Category: Education

Award-Winning Violinist Named SMU Chamber Music Director


Aaron Boyd

Award-winning violinist Aaron Boyd, a member of the acclaimed Escher String Quartet, has been named director of chamber music and professor of practice in violin in the Division of Music at SMU Meadows School of the Arts, beginning with the fall 2017 semester.

“During the past two years, Aaron has worked with many of our students and faculty as a member of the renowned Escher String Quartet and, this past year, as interim associate director of chamber music,” director of the Meadows Division of Music David Mancini said.

Providence Eighth-grader Completes 140 Books


Elizabeth Thompson

Providence Christian eighth-grader Elizabeth Thompson recently completed her 140th book, becoming the first student to complete every work in the school’s Headmaster’s Reading Society list.

Many years ago, a group of school parents and staff compiled an exhaustive recommended reading list. The general consensus was that there were too many works included, making it overwhelming to students and parents.

To ensure students were reading the very best works, outgoing headmaster Dr. Tony Jeffrey asked librarian Sue Netherland to compile a “Top 35” list for each grade level.

UP Student Earns Acting Award


Courtesy Photo

Macrae Smith, a University Park resident and student at Trinity Christian Academy (TCA), recently received the Outstanding Actor in a Minor Role award at the Schmidt and Jones Awards Gala for his performance in Cinderella. Smith was one of three students from TCA who received awards for their role in the play.

Greenhill Names Hark New Head of School


Lee J. Hark

The Greenhill School announced this afternoon that Lee J. Hark will be the new head of school effective July 1, 2018. He previously worked as the upper school director and associate head of school at Durham Academy in Durham, North Carolina.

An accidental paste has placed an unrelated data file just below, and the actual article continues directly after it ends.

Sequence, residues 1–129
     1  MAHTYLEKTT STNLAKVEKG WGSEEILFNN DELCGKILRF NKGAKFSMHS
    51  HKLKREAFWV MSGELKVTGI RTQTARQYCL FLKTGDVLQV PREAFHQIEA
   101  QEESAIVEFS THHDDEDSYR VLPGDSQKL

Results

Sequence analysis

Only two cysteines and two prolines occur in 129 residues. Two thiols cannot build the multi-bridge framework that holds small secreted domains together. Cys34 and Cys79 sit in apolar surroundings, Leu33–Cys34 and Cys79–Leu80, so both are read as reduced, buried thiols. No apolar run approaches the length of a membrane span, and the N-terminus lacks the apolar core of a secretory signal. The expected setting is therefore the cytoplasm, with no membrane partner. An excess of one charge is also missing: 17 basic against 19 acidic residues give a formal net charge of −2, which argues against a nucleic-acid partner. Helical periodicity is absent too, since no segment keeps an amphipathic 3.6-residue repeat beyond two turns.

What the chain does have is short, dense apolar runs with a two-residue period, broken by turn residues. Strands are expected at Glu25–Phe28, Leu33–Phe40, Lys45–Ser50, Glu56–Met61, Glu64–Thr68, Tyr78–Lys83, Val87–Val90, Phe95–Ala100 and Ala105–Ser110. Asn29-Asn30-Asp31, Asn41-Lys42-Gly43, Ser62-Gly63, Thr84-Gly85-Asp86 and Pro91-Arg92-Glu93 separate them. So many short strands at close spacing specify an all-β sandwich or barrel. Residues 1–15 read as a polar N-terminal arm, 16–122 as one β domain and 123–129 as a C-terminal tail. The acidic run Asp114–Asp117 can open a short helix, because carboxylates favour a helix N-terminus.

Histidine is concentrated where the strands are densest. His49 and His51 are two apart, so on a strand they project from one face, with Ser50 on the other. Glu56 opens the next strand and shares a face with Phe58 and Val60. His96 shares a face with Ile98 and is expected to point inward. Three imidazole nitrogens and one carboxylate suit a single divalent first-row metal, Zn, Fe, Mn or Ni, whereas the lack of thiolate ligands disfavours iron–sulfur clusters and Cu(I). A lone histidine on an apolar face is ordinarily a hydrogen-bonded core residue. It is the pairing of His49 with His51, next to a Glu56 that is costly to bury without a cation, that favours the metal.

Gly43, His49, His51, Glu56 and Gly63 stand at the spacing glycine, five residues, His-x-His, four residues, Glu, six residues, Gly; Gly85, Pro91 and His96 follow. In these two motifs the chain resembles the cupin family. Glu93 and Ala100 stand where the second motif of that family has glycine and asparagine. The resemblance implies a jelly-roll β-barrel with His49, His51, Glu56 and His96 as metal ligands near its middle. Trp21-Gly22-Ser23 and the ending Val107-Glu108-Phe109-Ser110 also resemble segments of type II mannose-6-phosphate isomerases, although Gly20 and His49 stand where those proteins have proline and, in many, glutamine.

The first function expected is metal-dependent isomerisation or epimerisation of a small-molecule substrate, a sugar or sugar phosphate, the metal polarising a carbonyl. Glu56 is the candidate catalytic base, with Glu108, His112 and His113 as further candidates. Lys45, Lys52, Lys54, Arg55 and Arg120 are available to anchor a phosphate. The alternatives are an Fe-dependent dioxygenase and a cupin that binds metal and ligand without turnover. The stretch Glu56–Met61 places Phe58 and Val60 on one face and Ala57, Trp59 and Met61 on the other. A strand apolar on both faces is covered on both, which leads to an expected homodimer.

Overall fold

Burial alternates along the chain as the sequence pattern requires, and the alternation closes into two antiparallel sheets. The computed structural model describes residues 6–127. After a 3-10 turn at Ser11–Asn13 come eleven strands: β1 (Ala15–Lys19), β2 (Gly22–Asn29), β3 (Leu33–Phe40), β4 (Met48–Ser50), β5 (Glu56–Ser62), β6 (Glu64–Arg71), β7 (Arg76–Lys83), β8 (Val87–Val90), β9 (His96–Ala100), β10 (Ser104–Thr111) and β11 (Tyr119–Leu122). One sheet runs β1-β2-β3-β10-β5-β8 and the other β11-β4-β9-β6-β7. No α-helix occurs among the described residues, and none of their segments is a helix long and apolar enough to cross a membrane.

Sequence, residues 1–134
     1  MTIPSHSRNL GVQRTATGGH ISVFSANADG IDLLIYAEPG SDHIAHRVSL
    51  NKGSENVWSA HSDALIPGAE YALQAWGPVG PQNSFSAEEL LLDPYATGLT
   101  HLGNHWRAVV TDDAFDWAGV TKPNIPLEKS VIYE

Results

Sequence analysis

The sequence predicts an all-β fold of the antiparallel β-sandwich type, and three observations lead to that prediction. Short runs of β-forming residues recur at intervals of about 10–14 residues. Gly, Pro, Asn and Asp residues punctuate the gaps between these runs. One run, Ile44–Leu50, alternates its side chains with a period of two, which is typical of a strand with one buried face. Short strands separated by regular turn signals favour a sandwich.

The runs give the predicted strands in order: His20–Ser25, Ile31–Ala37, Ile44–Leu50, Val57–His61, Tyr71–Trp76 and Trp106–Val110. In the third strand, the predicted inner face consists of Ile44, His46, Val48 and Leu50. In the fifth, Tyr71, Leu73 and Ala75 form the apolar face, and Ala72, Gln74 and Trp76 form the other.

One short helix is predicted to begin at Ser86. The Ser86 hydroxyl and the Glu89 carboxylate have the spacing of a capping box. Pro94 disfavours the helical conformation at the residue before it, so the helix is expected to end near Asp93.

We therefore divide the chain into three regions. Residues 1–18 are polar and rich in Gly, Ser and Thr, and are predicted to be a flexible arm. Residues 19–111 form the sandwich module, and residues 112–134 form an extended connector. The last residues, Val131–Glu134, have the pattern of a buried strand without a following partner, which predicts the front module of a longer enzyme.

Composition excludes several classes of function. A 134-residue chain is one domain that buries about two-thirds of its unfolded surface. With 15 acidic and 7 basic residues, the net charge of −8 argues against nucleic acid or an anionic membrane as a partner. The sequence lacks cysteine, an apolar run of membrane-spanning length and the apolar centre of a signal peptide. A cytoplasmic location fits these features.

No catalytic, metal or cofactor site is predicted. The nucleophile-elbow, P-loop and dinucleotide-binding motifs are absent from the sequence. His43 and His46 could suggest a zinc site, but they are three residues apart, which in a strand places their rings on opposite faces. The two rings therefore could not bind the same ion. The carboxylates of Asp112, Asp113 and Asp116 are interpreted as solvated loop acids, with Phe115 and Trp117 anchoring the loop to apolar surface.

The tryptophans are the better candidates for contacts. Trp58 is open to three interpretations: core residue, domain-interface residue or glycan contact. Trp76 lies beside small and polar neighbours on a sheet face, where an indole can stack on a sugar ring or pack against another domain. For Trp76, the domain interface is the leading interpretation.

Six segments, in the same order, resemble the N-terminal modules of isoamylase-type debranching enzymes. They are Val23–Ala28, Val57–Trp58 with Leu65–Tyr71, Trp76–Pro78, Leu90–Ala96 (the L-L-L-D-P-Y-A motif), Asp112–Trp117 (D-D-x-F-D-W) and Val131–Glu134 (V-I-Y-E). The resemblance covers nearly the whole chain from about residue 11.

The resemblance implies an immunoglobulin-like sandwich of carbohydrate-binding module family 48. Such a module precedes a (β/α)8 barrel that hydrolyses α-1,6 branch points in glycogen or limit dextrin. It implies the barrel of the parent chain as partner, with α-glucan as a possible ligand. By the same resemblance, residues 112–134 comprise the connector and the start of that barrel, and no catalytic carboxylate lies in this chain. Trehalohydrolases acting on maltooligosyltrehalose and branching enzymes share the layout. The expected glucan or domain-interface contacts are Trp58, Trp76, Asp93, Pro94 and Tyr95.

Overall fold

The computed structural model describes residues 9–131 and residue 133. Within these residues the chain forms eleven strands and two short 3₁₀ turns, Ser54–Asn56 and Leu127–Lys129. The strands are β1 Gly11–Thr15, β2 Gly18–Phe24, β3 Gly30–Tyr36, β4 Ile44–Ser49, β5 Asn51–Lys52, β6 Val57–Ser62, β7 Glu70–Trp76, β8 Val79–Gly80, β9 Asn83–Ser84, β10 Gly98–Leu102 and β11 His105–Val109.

Hark graduated from The University of North Carolina at Chapel Hill with an English degree in 1992. He also holds a master’s degree from the University of Georgia, and did doctoral work at the University of Virginia.

HPISD Unplugged

When buildings are not in use, officials want lights off and electronics unplugged. (Courtesy HPISD)

Highland Park schools have gained recognition for strides in energy conservation.

“For almost three years we have been reducing energy usage,” district spokesperson David Hicks said. “This includes common sense things — making sure the lights and HVAC system [are] turned off at the end of the school day. Additionally, we make sure that when the service staff is working, only the lights are on that are absolutely necessary.”

The same is true during summer breaks as well as Thanksgiving and Christmas holidays. Lights are turned off and all devices are unplugged.

Wesley Prep Students, Homeless Inspire Each Other


Wesley Prep students and Austin Street Center residents write poems together. (Photo: Amy Good)

Ernestine Slanti’s hands were shaking as nearly 300 people listened to her read a poem on a small coffeehouse stage.

Slanti wasn’t even sure if she could make it to the reading. Nerves and a fear of sharing her work made her want to run away, but a sense of obligation to a wide-eyed group of fourth-graders ultimately convinced her to overcome her fears.